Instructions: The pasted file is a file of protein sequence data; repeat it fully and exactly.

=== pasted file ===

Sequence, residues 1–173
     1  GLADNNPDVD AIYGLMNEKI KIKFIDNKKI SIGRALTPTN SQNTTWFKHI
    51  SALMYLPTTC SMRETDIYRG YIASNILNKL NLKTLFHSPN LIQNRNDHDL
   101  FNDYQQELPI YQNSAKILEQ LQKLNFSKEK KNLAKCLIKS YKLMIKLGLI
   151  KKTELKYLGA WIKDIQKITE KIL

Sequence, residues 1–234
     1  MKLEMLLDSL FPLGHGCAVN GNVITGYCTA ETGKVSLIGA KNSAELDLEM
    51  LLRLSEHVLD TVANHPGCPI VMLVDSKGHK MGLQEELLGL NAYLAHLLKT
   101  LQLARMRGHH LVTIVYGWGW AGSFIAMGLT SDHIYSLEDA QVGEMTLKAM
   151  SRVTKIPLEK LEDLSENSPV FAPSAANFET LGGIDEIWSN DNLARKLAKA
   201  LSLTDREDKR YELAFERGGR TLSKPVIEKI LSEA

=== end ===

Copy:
Sequence, residues 1–173
     1  GLADNNPDVD AIYGLMNEKI KIKFIDNKKI SIGRALTPTN SQNTTWFKHI
    51  SALMYLPTTC SMRETDIYRG YIASNILNKL NLKTLFHSPN LIQNRNDHDL
   101  FNDYQQELPI YQNSAKILEQ LQKLNFSKEK KNLAKCLIKS YKLMIKLGLI
   151  KKTELKYLGA WIKDIQKITE KIL

Sequence, residues 1–234
     1  MKLEMLLDSL FPLGHGCAVN GNVITGYCTA ETGKVSLIGA KNSAELDLEM
    51  LLRLSEHVLD TVANHPGCPI VMLVDSKGHK MGLQEELLGL NAYLAHLLKT
   101  LQLARMRGHH LVTIVYGWGW AGSFIAMGLT SDHIYSLEDA QVGEMTLKAM
   151  SRVTKIPLEK LEDLSENSPV FAPSAANFET LGGIDEIWSN DNLARKLAKA
   201  LSLTDREDKR YELAFERGGR TLSKPVIEKI LSEA